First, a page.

You know what makes everything better in life?
Say what you will about the NFL, NBA, Major League Baseball, Major League Soccer, the NHL or any other sports league worldwide but there’s something special about draft night. The fortunes of a team can change on any given night based on a 20-something with potential. And a team can see its fortunes go from good to bad overnight as well based on a draft pick that doesn’t pan out. Some live on in infamy as well; we debate now why someone would take Sam Bowie over Michael Jordan in hindsight because we know the final career path of both men.
And this season’s “The Ultimate Fighter” has everything you’d want going in. You have a mixture of top veterans, unproven rookies and people between. After 16 fights in 150 minutes gave us 16 fighters to choose from, the toughest part comes now. Who do you pick? If you’re Urijah Faber and Dominick Cruz, there are some choices to be made as to whom you want on your team. And since we’ll be finding out who is on either team tonight, we’ve decided to try and test our hands in the team assembling game to try and figure out who the best team would be for either man.
Shawn M Smith and I will be taking turns in this “Ultimate Fighter” draft as to whom we’ll pick if we were either Dominick Cruz or Urijah Faber. The format will be two picks per round over four rounds for eight fighters apiece per team.
We flipped a coin earlier backstage and I will be making the first pick.
Scott Sawitz: My first pick will be the most experienced member of the cast: Cristiano Marcello. My first thought on building a team of guys to fight is that I want the guy with the most experience and the most polish in one area on my team. Marcello has probably forgotten more about Brazilian Jiu-Jitsu than anyone on either coaching staff knows; he was the guy who coached the legendary Chute Boxe team in the art. Since none of the losing fighters go home anymore you have 12 weeks with guys to find out what they have. I want a guy with his skill level for three months at a bare minimum to teach my team how to refine their grappling from a BJJ standpoint. He’s also my pick to win the whole season, too, so it makes sense. He looked superb as a grappler and part of how you win the show is being really good at one particular thing; most of the fighters aren’t as well rounded as full timers in the UFC and someone who’s good in most areas but is an absolute killer in one can win. Even if he doesn’t my team is going to have to train together for three months; their BJJ is going to improve by proxy of merely working with a guy his caliber of skill. It’s like how Tito’s team on Season 3 was improved at takedown defense because they had Matt Hamill drilling double legs on them all day.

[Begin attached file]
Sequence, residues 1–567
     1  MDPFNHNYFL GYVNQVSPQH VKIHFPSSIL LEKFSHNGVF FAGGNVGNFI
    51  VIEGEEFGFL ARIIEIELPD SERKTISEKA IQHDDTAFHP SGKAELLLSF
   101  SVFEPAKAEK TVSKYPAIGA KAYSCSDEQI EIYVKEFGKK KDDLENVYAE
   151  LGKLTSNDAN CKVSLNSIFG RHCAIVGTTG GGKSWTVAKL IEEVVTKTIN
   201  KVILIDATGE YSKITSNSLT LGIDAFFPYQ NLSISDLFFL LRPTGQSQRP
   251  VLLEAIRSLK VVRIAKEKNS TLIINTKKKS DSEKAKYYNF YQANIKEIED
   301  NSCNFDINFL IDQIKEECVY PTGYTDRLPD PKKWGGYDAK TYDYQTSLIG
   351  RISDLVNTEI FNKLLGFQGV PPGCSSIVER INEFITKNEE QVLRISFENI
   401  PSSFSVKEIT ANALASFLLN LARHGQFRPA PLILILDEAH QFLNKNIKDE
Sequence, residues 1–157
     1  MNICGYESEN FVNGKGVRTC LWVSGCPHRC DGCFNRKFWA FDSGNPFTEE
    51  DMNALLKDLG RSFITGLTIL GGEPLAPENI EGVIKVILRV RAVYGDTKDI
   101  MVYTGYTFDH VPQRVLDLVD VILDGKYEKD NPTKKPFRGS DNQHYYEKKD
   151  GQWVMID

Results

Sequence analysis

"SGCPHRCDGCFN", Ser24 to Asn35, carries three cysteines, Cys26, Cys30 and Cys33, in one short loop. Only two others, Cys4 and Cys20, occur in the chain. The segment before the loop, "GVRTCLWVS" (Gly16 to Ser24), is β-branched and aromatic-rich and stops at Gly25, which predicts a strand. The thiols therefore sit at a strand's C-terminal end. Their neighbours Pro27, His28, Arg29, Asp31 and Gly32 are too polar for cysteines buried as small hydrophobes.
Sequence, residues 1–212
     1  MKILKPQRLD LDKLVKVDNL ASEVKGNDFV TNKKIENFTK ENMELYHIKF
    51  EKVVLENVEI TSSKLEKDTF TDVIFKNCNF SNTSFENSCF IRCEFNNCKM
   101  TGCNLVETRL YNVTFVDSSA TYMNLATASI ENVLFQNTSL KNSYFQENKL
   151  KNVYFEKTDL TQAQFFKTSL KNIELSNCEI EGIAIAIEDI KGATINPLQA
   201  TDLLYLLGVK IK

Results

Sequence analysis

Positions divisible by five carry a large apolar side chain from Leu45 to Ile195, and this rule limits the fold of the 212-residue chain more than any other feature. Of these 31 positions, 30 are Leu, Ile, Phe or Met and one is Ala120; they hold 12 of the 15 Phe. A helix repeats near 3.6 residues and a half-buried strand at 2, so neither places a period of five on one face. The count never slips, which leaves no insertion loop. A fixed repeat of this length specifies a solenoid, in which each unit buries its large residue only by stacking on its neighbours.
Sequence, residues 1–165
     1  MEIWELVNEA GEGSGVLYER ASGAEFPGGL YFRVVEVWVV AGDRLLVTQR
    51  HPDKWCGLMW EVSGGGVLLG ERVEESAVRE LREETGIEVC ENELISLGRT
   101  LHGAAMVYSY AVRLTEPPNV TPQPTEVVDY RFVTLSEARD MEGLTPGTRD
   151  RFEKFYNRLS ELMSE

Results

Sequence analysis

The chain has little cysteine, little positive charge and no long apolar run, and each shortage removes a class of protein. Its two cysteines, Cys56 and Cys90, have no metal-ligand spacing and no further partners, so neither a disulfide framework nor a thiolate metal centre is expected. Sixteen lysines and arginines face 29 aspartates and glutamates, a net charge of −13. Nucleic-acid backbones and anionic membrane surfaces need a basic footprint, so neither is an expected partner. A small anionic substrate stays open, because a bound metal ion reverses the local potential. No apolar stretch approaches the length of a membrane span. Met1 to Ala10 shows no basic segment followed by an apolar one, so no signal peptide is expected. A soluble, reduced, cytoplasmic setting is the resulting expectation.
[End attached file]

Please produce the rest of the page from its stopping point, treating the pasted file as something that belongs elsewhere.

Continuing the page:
Shawn M Smith: My first pick is going to be a contestant that had previously been included on Season 13 of the show, Myles Jury. After suffering a knee injury on episode one of that season, Jury returned to active competition in time for this edition of the show. In his fight-in bout, the ground and pound specialist beat Akbarh Arreola for the final spot in the house with a dominant performance. How he’ll match up against the heavy hitters in this season’s show will be determined later; he’s cut a weight class to be here so we know the guy has the heart to win this year.
Scott: I’m going to grab Justin Lawrence. Lawrence was the big surprise of the first show because he took out the guy many thought would win the whole thing in James Krause. Lawrence didn’t just beat him, either; he crushed him. It may have been a fluke or a flash KO, perhaps, but in a lot of drafts you draft someone high because they show potential to be special. Lawrence could be and thus I’m taking him.
Shawn: Can’t believe that this guy fell to me, but I’m taking Long Island-product Al Iaquinta. While his fight with Jon Tuck will be remembered more for the grotesque dislocation of Tuck’s toe, Iaquinta showed great wrestling and solid striking throughout the bout. The Serra-Longo prospect has a strong camp behind him and if not for a recent submission loss, he’d be another undefeated fighter in this year’s house.
Scott: I’m shocked Shawn didn’t take this guy, Sam Sicilia, of the eight second knockout. So I will. We didn’t get to see much because of just how powerful his hands were to start that first round but Erin Beach comes out of a great camp and was a guy thought to get into the house fairly easy. Sicilia has this nasty habit of knocking out everyone he sees and that can get him far in this year’s show.